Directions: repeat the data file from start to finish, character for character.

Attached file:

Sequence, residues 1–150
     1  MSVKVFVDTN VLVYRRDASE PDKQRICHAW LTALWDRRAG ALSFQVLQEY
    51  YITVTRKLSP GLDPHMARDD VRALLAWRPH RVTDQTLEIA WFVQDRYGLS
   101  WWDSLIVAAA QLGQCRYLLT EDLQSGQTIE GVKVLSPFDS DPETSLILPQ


Sequence, residues 1–150
     1  MSVKVFVDTN VLVYRRDASE PDKQRICHAW LTALWDRRAG ALSFQVLQEY
    51  YITVTRKLSP GLDPHMARDD VRALLAWRPH RVTDQTLEIA WFVQDRYGLS
   101  WWDSLIVAAA QLGQCRYLLT EDLQSGQTIE GVKVLSPFDS DPETSLILPQ